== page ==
In my blogs of last week and the week before, I discussed the use of evolutionary methods for improving biotechnological processes. I have also blogged, more than once, about the concept of the economy as an evolutionary ecosystem. The question then arises as to whether the development of technology in general might be seen in this way. While it is clear that minor improvements in existing products or technologies can be seen as ‘evolutionary’ advances derived from their ‘parents’ or precursors, it is not so clear how this metaphor might be applied to the arrival of novel and disruptive technologies that have no obvious precursors. That the evolutionary metaphor does work is the theme of a new book by Brian Arthur. The chief recognition is that all kinds of complex products (and these can include ‘products’ like musical symphonies!) arise largely by the combination or recombination of existing modules. These existing components may also provide novelty by processes akin to horizontal gene transfer, something that genome sequencing methods have shown us is far more common than was previously anticipated.

Now, some of these general ideas have been promoted by writers such as David Goldberg, John Koza and Stuart Kauffman, but Arthur provides a particularly readable, eloquent, coherently argued and up-to-date overview.

I tend to have a penchant for ideas and discoveries that seem to (or do) come from left field, and one that came my way this week (illustrating some of the points about novel technologies, above) was the production of the first liquid protein (or protein liquid). Now while we recognise proteins as solids, as components of colloidal aqueous (and organic) solutions, and even (inside mass spectrometers) in the gaseous phase, no one had (apparently) previously made a liquid from a pure protein (derivative) with no added solvent. Indeed, there are fundamental biophysical reasons why this is hard, since the dimensions of protein molecules typically exceed the range of their intermolecular forces, such that liquid–vapour co-existence is unattainable. To overcome this, one way would be to modify the  surface properties of the protein to increase the range of the intermolecular force field to a length scale greater in size than the protein molecules, thereby enabling thermally induced molecular motions to be correlated over extended distances (i.e. to provide liquid-like behaviour).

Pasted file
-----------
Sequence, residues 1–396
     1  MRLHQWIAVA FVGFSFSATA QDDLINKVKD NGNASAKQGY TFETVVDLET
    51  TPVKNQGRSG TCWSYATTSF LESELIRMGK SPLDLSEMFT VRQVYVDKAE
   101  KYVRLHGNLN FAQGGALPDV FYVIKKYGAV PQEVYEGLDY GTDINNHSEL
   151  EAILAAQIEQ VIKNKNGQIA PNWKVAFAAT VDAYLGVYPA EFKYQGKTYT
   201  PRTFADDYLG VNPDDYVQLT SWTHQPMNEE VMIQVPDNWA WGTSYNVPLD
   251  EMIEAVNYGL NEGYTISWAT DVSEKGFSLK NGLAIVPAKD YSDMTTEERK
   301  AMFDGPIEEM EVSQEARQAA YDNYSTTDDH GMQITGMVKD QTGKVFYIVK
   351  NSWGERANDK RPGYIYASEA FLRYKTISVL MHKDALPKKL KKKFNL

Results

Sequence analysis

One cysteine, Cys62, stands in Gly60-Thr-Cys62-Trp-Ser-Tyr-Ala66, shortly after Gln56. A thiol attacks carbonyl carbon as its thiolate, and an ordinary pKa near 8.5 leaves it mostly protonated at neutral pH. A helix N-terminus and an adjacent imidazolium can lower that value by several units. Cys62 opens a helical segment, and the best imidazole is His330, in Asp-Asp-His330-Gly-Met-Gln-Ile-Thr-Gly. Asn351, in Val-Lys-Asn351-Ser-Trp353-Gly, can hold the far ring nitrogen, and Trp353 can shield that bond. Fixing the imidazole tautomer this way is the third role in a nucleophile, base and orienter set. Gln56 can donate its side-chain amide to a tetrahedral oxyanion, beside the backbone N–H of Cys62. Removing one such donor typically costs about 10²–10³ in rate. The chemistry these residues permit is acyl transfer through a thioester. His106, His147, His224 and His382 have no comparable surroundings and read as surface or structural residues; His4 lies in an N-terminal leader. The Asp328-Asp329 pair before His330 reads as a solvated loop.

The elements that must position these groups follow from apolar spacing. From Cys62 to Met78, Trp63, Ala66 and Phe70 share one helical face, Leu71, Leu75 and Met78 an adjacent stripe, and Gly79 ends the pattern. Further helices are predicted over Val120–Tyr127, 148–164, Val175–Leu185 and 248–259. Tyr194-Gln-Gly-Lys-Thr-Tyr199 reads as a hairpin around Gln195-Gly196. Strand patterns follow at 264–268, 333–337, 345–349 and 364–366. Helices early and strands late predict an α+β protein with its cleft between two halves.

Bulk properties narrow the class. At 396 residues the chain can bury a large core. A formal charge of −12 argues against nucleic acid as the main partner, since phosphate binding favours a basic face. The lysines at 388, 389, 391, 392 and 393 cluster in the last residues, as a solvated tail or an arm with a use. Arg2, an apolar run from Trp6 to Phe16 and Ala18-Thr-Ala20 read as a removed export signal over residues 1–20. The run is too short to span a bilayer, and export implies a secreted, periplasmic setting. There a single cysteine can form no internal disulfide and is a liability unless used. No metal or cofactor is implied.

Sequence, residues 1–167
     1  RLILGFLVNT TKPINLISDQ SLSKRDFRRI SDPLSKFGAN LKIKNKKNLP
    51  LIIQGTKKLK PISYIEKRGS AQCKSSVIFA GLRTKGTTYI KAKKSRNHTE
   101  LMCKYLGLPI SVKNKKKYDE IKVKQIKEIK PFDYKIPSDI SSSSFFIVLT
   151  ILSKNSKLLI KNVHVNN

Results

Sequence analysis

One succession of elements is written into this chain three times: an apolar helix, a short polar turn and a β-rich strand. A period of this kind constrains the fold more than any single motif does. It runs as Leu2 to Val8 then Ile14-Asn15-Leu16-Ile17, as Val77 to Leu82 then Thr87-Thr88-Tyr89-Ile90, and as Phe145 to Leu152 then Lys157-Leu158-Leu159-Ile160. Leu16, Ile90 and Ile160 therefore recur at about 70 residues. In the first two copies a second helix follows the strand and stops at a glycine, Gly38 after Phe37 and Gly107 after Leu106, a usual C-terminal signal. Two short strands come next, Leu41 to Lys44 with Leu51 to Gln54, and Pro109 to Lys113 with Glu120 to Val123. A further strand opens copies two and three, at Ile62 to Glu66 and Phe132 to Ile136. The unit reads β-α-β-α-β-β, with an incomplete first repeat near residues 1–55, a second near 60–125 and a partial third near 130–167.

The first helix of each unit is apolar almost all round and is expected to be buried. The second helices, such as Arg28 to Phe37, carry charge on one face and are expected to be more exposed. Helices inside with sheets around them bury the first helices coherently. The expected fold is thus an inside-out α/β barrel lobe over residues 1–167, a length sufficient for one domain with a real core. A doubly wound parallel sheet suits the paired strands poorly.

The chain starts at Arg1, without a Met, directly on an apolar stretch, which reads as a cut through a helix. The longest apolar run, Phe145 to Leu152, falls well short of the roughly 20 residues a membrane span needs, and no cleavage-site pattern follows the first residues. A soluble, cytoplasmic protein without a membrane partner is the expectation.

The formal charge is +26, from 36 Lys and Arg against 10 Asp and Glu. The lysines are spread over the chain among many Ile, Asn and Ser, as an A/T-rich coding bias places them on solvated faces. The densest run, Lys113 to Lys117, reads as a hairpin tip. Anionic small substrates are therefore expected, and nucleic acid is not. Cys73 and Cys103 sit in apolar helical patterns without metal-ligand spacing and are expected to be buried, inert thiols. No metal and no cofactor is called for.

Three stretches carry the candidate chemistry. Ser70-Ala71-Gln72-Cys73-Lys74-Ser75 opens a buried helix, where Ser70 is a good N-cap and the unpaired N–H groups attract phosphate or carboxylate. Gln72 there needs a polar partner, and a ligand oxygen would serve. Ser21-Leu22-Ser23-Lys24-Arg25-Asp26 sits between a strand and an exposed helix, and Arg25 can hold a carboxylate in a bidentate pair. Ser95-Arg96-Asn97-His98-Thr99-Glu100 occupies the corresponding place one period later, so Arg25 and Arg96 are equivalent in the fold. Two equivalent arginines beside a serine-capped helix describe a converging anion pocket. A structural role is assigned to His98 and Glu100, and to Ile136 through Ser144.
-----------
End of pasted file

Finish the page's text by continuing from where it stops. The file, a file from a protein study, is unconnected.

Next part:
Based in part on experiments of Giannelis and coworkers with inorganic nanostructures, this is what Mann and his colleagues at Bristol have now done, using a derivative of the iron-binding protein ferritin. It is early days yet, but the methods they use seem fairly general, albeit more favourable for spherical molecules like ferritin, and – given that there are enormous numbers of possible proteins – one can at least imagine many uses to which a protein liquid might be put. No doubt the exponents of molecular gastronomy are <ahem> licking their lips.

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